Glittertind Massif

Scandinavian Mountains over 2000 metres - James Baxter

AreasGlittertind Massif › Detailed Information

Glittertind massif is a high massif in the north of Jotunheimen with six mountains and a further six secondary peaks. To the south and east the massif is bordered by the massive and open Veodalen, to the west by the deep Visdalen and to the north by the wild Gokkerdalen and Smådalen valleys.

The massif is partially split into the well visited southern half containing Glitterheim lodge and Glittertind itself and the wild remote northern half of Trollstein by the seldom visited open flat valley of Trollsteinkvelven, which is a haven for reindeer.

The Glittertind was until quite recently considered to be the highest mountain in Scandinavia and even on the 1981 map its height is 3 metres higher than Galhøpiggen’s at 2472m. The actual height of Glittertind’s rock is 2452m but it is topped by a thick ice-cap which was recently thought to be 20 metres but is diminishing year by year and is now probably less than 10 metres.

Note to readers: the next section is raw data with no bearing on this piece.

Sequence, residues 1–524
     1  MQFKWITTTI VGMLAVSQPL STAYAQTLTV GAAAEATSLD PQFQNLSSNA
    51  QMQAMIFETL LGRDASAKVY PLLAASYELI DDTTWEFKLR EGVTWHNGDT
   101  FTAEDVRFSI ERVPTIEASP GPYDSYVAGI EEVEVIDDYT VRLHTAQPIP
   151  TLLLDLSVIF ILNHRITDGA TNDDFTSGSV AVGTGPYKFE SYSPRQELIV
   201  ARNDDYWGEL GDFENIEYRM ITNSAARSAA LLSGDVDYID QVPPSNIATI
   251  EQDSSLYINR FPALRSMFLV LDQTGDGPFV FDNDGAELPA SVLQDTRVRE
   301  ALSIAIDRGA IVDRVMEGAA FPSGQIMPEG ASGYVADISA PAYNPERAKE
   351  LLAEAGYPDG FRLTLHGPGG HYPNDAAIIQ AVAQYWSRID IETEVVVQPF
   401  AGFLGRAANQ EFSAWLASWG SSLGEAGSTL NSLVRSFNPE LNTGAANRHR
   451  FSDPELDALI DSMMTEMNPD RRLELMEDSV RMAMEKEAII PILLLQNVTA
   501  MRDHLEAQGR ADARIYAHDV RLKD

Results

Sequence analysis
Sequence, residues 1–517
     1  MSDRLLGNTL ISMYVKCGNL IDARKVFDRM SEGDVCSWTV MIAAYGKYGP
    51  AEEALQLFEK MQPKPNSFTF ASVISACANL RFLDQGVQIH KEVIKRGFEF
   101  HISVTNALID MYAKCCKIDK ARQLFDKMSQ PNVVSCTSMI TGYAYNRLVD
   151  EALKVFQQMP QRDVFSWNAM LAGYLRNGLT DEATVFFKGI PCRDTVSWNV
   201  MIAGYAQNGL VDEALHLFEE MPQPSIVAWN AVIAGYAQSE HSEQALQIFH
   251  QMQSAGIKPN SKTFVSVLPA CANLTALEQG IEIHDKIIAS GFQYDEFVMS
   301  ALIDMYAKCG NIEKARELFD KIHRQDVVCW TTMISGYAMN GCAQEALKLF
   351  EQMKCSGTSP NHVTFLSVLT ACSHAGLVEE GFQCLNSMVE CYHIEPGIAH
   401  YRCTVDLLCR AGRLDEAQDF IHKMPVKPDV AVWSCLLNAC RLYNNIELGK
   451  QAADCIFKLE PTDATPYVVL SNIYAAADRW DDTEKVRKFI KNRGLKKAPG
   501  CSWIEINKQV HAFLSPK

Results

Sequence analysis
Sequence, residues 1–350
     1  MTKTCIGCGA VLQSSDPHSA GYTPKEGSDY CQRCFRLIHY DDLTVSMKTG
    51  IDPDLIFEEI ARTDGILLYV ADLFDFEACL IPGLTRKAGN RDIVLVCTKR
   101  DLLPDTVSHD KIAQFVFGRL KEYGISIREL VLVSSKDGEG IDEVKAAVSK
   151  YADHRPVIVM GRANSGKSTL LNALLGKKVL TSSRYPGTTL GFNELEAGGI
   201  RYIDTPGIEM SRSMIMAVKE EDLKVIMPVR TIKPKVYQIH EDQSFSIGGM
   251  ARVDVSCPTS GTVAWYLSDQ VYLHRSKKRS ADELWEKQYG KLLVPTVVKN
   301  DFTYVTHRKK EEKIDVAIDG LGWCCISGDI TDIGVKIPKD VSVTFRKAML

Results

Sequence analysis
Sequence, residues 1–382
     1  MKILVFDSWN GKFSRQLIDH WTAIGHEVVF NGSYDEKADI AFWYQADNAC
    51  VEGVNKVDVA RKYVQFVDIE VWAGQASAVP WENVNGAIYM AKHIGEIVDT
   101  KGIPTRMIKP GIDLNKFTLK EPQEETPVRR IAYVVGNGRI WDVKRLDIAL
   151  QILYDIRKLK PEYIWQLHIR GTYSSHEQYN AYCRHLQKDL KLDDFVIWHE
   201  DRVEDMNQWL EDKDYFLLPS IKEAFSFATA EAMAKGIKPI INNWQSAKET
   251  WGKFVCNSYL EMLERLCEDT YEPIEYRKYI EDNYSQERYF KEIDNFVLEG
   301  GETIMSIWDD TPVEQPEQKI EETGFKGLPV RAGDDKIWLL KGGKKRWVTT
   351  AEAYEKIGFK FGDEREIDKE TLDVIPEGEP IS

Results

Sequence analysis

Historically the massif was just the realm of hunters, with some summer farms in the bordering Visdalen and Smådalen valleys. The wild reindeer which one roamed the area are now managed as a semi-domesticated herd belonging to a collective herding cooperative in Lom. Glittertind was first climbed in 1841. In Visdalen Spiterstulen lodge started catering for walkers and mountaineers in 1836 but it was not until the early 20 century when Glitterheim lodge was built.


Access to the massif in winter is quite easy from Visdalen and Spiterstulen lodge in particular. However it takes a day to reach Glitterheim lodge from Sjødalen valley to the east and from the north Søleggen lodge and Smådalen involve considerable distances. In the summer there is good access from Spiterstulen lodge and Visdalssæter summer farms in Visdalen and from either Glitterheim lodge or the parking place 7 km downstream from it in Veodalen. Sålell or Smådalen are feasible starting places in the summer but they are rather remote.